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IFC's food pantry is temporarily moving to Historic Town Hall

ifc inter-faith food pantry
“It’s definitely a lot better organized than a lot of the non-profits I’ve worked with before,” Warner Lamar said. Lamar is a sophomore majoring in computer science at UNC-Chapel Hill and volunteers at IFC on Tuesdays and Thursdays. He says a lot of places operate more by an improvisational method and don’t have nearly as good as a system in place as IFC (Inter-Faith Council) does. Shot on Tuesday, Oct. 2, 2018.

On April 1, the Inter-Faith Council For Social Service's food pantry will reopen its doors on the second floor of the Chapel Hill Historic Town Hall. The Chapel Hill Town Council approved the move on March 6.

The IFC is temporarily moving from their Carrboro location for about a year while their new building is under construction.

The old building will be demolished to create a new building, said Jackie Jenks, IFC executive director. The plan is to eventually co-locate the community kitchen and the food pantry, which are in two different buildings, as well as some of the organization's other programs into the new space, she said. The "community hub" will be three stories. 

IFC started a capital campaign around a year and a half ago and have raised $4.7 million out of their $5.3 million goal. Jenks said the IFC is hopeful to raise the remaining amount soon because the community gave generously to the campaign.

“Because there aren’t a lot of government funds, particularly on the federal level, that are available for this type of project, most of our funds are coming from private sources. So individuals, foundations, local congregations, churches and other congregations and then a little bit from local government,” said Jenks.

The new building will have group meeting rooms as well as a space where the community can learn out about current events, and various policies the local government is considering. 

The IFC is making plans to implement a member choice pantry in the new building. This model allows people to shop themselves, picking which groceries they want, rather than a volunteer selecting groceries for them.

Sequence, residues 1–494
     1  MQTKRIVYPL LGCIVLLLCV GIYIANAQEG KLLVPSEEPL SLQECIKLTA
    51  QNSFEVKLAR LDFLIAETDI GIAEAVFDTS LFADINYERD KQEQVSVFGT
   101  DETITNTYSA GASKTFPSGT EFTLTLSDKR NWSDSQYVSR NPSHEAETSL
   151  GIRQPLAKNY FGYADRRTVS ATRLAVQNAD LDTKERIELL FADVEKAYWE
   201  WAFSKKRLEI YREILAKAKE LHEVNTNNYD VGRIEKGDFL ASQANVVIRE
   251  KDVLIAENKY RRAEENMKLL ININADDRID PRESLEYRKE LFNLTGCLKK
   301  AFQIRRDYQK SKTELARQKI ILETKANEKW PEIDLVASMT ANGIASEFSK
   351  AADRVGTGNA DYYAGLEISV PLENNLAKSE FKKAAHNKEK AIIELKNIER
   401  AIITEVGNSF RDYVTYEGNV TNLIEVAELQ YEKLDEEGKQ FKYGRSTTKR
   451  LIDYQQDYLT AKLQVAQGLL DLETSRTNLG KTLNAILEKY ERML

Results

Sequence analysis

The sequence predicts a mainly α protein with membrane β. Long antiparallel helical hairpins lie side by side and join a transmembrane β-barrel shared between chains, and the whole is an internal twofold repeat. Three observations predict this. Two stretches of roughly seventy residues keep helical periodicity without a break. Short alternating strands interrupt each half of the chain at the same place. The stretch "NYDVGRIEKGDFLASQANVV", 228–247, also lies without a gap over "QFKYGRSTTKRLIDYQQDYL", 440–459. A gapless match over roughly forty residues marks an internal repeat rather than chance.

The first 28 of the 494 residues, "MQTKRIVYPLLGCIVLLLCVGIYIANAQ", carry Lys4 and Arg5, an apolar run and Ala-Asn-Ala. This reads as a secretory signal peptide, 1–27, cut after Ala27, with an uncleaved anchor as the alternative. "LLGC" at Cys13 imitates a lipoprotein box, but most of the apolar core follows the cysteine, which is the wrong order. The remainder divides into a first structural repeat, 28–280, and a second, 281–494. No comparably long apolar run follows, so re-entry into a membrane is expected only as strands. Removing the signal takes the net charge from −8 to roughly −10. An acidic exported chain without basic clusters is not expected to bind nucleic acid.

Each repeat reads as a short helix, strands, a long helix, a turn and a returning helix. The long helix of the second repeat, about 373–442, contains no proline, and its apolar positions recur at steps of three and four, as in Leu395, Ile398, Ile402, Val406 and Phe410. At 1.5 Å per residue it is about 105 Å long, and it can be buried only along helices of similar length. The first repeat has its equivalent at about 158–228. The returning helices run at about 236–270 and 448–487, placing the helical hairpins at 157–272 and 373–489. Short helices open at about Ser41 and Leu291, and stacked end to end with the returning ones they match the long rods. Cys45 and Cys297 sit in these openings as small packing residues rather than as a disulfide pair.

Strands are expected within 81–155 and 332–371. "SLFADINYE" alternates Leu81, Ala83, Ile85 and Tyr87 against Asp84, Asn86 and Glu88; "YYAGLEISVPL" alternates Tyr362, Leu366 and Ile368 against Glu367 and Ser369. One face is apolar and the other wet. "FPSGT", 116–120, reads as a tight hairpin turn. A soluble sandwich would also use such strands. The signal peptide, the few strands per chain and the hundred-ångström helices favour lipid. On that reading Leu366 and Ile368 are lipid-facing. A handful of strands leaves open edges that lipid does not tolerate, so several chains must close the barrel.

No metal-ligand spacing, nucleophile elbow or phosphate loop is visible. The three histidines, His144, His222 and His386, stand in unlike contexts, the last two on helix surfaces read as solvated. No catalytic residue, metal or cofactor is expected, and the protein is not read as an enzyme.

“It’s going to be great because people can come in and they can receive a meal, and some groceries, if they need emergency financial assistance, they can get information about housing, and they can just see people they know and interact with folks in the community and then we really will have space to develop other programs as needed in the community,” said Jenks.

The IFC currently uses the basement and first floor of the Historic Town Hall for the Community Kitchen. Until 2015, they used the second floor for their men’s facility. The Town will continue to let the IFC use the Historic Town Hall rent free, and will cover utilities.

“We are not currently getting funds from this space, we are not shutting down one source of income,” said Donna Bell, a Chapel Hill Town Council member.

Bell said in the past, this is how they helped support services like the IFC in the community, and allowing them to use this space without cost is a continuation of this support. She also said the Town does not have any other plans for the space in their budget, so they are not having to stop plans for the IFC to use the space.

“The Town inspection identified maintenance and repair items that are required prior to occupancy,” Catherine Lazorko, communications manager for the Town, said via email. “These include a new fire door and some plumbing fixtures.”

Maintenance costs at the expense of the Town that must be completed before the IFC moves in are limited to $8,000. 

Kevin Foy, former Chapel Hill mayor, thanked the Town for helping the IFC continue its valuable work at the council meeting.

“These services that IFC provides are free to everyone, there’s no questions asked if you need help, if you’re hungry you can come to the kitchen, the kitchen is there right now," Foy said. "What the IFC does for the community in partnership with the Town is an extraordinary effort, and we want to reemphasize how much we appreciate all that you do across the board."

Jenks said in the next year, besides working on construction of their new building, the IFC will advocate for more affordable housing and their racial equity team will continue to work toward their goals.

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